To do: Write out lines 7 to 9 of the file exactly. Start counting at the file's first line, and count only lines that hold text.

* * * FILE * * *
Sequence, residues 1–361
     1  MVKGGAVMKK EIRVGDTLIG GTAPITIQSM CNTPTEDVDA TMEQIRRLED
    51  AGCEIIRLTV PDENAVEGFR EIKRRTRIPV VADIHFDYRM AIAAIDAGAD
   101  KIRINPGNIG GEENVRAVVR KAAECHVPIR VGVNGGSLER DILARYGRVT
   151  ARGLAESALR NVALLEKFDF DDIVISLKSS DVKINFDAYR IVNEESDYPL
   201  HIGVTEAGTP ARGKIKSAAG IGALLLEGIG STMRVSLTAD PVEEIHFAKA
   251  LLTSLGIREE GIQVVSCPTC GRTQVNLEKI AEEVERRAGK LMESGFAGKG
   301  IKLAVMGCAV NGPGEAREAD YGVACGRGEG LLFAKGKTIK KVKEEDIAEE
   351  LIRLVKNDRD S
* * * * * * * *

   251  LLTSLGIREE GIQVVSCPTC GRTQVNLEKI AEEVERRAGK LMESGFAGKG
   301  IKLAVMGCAV NGPGEAREAD YGVACGRGEG LLFAKGKTIK KVKEEDIAEE
   351  LIRLVKNDRD S